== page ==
• Working with Customers
    • Iteration Planning
    • Shadow Architecture
    • Exploratory Testing
larger projects1

ProgramManagement

Architecture

Architecture

Architecture

Architecture

ProductManagement

ProgramManagement

Development

Site Engine & Design

ReleaseOperations

UserExperience

Test

Larger Projects….

Lead team

Feature teams

Function team

Development

UserExperience

UserExperience

Test

ReleaseOperations

ProgramManagement

ProgramManagement

Development

Development

Catalog

Fulfillment

UserExperience

Test

Test

shadows
Shadows

Leading

  • Sometimes we need to sketch out architecture/design before we implement them
  • Whiteboard is often used
  • Should become working code within the iteration – no BDUF

Trailing

  • Should reflect the actual code
  • Should come for free
actions
Actions
  • System Model/Whiteboard the architecture using leading shadows
  • Agree and move a single architectural change (such as a new web service) at a time to the trailing shadow
  • Create unit test/façade & scaffold
  • Run unit test
  • Write code
  • Run unit test
  • Verify Design/Code/Refactor
  • Run unit test
what we will cover5
What We Will Cover
  • Microsoft Solutions Framework
    • Team Model
    • Working with Customers
    • Iteration Planning
    • Shadow Architecture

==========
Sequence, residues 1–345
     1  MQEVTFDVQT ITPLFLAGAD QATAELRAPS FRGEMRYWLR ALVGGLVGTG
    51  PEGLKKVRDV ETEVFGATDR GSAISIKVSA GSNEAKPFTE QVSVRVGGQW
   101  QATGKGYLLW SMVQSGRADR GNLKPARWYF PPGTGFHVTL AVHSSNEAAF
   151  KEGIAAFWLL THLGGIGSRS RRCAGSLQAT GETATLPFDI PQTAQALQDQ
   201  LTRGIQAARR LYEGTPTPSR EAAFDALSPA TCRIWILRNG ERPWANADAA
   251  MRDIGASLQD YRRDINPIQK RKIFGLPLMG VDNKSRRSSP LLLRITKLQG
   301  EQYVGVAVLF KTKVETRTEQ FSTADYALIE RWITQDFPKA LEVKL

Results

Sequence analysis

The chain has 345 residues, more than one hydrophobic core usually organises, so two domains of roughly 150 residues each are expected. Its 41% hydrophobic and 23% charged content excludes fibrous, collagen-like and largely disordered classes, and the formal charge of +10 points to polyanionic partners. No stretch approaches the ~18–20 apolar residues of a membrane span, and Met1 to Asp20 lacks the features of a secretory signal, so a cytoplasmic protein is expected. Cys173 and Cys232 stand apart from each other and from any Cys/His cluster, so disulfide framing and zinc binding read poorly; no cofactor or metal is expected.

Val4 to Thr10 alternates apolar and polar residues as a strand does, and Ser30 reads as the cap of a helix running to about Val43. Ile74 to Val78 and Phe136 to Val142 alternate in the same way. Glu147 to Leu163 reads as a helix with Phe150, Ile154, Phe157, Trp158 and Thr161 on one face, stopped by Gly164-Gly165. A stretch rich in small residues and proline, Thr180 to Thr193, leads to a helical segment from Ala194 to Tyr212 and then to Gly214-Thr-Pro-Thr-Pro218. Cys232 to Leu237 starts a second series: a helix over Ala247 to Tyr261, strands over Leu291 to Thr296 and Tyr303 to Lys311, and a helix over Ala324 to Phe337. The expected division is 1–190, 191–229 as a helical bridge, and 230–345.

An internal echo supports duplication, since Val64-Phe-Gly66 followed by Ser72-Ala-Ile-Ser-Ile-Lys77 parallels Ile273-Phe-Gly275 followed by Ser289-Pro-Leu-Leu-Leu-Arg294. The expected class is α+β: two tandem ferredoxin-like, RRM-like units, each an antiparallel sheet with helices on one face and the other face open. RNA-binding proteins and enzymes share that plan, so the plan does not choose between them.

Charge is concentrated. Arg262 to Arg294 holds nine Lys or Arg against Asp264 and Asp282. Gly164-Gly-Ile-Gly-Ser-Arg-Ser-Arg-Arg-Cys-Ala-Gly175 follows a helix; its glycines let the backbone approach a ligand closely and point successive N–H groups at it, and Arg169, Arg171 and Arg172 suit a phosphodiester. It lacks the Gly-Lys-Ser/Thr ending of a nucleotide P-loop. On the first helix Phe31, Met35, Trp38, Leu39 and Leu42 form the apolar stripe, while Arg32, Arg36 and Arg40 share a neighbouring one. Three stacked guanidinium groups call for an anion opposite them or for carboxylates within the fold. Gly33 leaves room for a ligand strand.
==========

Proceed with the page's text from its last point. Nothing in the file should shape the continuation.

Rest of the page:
• Exploratory Testing
levels of test cases
Levels of Test Cases
  • Build Verification Tests (Automated)
    • Fail -> Build fails
  • Iteration Tests (Automated)
    • Track progress
    • Fail -> Build succeeds
  • Scenario and QoS Requirement Tests
  • Exploratory Tests
  • Captured in the Test Approach Document
why exploratory testing
Why Exploratory Testing?
  • There are many areas that must be tested that fall outside of normal scenario and qos requirement tests
    • Pair-wise tests
    • States
    • Usability
    • …..
exploratory testing
Exploratory Testing
  • Formulate a hypothesis for area of concern
  • Set a session limit (e.g. 2 hours)
  • Grab a buddy (optional or record the session)
  • Test the hypothesis
  • Create bugs
  • Example: Persona based exploratory testing
what we will cover6
What We Will Cover
  • Microsoft Solutions Framework
    • Team Model
    • Working with Customers
    • Iteration Planning
    • Shadow Architecture
    • Exploratory Testing
most importantly
Most Importantly
  • MSF for Agile Software Development and MSF for CMMI Process Improvement is now available at:

http://www.microsoft.com/msf

what s next
What’s Next
  • DB Pro Integration
  • Better CI support
  • Better Shadow Architecture Support
  • CM Guidance
  • And More…
conclusions
Conclusions
  • MSF is a vehicle for delivering Microsoft’s contributions to the software development community
  • MSF version 4.0 comes in two flavors to deliver maximum flexibility
  • MSF updates will be delivered via MSDN
  • MSF can become a basis for your software development process
slide50

© 2006 Microsoft Corporation. All rights reserved. Microsoft, Windows, Windows Vista and other product names are or may be registered trademarks and/or trademarks in the U.S. and/or other countries.

The information herein is for informational purposes only and represents the current view of Microsoft Corporation as of the date of this presentation. Because Microsoft must respond to changing market conditions, it should not be interpreted to be a commitment on the part of Microsoft, and Microsoft cannot guarantee the accuracy of any information provided after the date of this presentation. MICROSOFT MAKES NO WARRANTIES, EXPRESS, IMPLIED OR STATUTORY, AS TO THE INFORMATION IN THIS PRESENTATION.